Without taking a protein drink, my husband fades away to nothing when he’s exercising. Using one on a regular basis has helped him build lean muscle and made recovery much faster. I’ve also found that drinking a protein drink after exercise stops me feeling ravenous and picking at naughty food.
If I wasn’t aware of these benefits, it might be helpful if my gym were to tell me. However, if they did so while standing in front of a shelf full of nutritional products for sale, they would be contravening new European guidelines. They could tell me that “protein contributes to growth and the maintenance of muscle mass” – but specifying lean muscle and talking about recovery would stray into murky areas.
The European guidelines, Nutrition and Health Claims Regulation, came into force in December 2012 after a six-year period during which the claims being made by products were assessed. Prior to this, food legislation only defined the mandatory information required on labels, and prohibited misleading or false claims. The new guidelines now clearly state that only certain health and nutrition claims can be made about food, thereby harmonising the rules on claims across the 27 EU member states.
The burden of proof has changed. Previously, when a claim was challenged, a business had to prove it was true. Now the business has to get authorisation before being able to use the claim.
The aim is, of course, to protect consumers by stopping false claims from being made. However, the move deals something of a blow to the sports nutrition and food industry as a whole, by requiring incredibly robust scientific studies to back up the sort of claims that have traditionally been widely used by nutritional supplements, such as “contributes to the growth in muscle mass”. Only authorised claims can now be used in commercial communication.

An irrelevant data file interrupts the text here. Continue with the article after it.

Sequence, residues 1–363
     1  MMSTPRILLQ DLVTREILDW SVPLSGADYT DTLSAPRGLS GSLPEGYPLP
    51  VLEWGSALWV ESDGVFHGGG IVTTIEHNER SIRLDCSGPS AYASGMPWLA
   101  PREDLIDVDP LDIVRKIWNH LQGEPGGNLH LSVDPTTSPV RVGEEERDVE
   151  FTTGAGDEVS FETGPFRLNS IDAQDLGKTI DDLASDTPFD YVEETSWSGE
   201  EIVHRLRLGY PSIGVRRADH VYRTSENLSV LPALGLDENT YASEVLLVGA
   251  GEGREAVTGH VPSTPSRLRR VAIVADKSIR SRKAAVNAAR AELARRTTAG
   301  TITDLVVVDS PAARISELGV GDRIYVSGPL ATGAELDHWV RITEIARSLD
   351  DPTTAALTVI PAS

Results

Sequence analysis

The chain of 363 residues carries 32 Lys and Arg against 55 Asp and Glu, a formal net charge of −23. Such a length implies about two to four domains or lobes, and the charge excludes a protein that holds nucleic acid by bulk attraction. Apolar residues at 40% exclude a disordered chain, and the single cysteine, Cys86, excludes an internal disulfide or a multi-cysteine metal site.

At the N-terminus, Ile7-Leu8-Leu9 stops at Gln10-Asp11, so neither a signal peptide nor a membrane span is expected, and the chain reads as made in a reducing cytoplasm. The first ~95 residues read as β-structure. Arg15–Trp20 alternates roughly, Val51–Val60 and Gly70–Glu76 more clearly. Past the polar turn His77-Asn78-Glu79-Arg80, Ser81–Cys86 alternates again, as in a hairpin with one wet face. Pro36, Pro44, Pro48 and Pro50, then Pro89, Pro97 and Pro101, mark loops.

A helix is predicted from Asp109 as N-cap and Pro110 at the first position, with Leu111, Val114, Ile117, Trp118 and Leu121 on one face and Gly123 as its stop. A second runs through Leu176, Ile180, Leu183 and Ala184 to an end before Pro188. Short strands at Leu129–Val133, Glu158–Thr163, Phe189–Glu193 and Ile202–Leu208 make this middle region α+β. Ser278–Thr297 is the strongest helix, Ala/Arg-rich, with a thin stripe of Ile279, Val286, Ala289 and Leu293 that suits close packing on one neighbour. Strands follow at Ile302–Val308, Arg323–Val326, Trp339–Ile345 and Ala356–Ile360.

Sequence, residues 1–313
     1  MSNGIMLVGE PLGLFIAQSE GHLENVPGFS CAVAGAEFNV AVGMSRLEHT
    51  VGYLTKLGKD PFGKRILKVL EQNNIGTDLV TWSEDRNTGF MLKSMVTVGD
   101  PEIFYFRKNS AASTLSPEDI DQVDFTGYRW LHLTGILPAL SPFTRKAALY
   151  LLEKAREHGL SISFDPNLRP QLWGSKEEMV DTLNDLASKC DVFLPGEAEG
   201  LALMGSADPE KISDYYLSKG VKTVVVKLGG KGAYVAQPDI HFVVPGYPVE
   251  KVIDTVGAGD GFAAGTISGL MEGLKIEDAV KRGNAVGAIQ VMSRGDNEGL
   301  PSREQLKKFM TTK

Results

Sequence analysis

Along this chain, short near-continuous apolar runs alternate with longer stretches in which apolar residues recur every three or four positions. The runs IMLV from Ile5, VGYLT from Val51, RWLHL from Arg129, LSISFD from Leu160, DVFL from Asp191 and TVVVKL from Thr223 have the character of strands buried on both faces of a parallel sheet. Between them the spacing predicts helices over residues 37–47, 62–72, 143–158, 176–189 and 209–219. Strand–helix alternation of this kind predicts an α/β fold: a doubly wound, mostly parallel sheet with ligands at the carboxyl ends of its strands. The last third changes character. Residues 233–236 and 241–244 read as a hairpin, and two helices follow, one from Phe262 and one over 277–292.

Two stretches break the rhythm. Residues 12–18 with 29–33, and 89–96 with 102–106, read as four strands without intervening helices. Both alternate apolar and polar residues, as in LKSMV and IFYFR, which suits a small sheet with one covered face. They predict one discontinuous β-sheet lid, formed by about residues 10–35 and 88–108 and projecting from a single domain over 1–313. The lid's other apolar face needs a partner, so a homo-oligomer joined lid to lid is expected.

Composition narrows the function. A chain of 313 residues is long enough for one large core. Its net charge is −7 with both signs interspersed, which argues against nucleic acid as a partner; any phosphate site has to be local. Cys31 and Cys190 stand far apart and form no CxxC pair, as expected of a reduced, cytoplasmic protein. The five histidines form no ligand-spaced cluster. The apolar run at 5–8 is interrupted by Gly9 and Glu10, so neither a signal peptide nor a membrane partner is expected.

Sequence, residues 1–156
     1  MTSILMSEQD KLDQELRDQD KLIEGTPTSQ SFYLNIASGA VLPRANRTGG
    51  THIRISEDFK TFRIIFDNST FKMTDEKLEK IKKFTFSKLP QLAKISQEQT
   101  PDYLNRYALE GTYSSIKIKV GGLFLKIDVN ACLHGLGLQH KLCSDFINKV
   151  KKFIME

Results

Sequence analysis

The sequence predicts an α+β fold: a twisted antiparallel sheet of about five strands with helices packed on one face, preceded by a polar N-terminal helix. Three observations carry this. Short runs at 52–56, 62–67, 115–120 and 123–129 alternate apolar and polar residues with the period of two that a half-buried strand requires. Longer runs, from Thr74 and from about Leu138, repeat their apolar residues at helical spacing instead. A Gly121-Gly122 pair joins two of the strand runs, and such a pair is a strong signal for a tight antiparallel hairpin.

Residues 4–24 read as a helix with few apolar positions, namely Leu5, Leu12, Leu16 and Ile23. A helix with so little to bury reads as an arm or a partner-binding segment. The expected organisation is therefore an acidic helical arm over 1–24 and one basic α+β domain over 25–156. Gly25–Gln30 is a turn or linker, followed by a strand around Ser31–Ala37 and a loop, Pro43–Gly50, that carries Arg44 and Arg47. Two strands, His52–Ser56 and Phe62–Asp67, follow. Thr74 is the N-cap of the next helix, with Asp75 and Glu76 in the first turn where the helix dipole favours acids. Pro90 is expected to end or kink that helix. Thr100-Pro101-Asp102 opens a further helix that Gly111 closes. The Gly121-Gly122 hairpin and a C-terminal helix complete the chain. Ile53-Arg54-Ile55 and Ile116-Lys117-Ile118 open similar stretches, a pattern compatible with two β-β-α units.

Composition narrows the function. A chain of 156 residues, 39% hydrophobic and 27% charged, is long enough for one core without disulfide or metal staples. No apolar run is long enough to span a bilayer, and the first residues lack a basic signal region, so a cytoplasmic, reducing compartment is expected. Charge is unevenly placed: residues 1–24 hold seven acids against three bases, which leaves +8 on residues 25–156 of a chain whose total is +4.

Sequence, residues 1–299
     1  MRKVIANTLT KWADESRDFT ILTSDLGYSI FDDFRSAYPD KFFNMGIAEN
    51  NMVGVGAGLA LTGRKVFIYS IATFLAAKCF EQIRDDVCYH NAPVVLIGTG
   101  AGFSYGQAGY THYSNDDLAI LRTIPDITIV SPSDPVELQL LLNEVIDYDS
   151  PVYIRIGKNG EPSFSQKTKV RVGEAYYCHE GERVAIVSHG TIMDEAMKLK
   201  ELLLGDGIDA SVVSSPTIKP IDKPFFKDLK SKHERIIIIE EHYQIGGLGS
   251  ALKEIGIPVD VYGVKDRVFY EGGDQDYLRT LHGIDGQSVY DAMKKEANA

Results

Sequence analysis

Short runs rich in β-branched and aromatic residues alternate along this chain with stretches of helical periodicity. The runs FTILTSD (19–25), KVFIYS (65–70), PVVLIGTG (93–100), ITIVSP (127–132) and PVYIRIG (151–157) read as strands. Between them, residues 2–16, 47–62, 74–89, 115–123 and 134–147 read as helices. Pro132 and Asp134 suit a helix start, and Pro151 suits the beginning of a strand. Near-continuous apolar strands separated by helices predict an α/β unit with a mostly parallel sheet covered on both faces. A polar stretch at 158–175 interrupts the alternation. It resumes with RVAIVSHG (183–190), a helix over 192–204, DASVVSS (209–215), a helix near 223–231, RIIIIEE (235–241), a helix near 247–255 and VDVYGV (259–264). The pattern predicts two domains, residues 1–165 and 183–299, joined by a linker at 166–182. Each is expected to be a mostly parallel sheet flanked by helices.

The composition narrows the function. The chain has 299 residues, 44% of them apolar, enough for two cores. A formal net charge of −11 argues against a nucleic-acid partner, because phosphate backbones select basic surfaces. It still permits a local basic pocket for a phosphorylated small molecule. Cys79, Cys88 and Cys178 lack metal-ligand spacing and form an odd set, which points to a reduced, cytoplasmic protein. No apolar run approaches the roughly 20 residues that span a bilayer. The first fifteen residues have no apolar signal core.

Dr Adam Carey, chair of the European Specialist Sports Nutrition Alliance (ESSNA), explains why the legislation has been introduced: “Health and nutrition claims made in relation to food products require authorisation before they can be used in the labelling and marketing of food products.
“Within the context of a rather complex procedure, the European Food Safety Authority (EFSA) is responsible for verifying the scientific basis of claims. Under old legislation, the burden of proof was different and EFSA did not assess claims – it was a national competence. This legislation has been adopted to protect the public from spurious and false claims made by some food manufacturers. It seeks to ensure advertising and marketing of products is clear, accurate and based on evidence accepted by the scientific community.”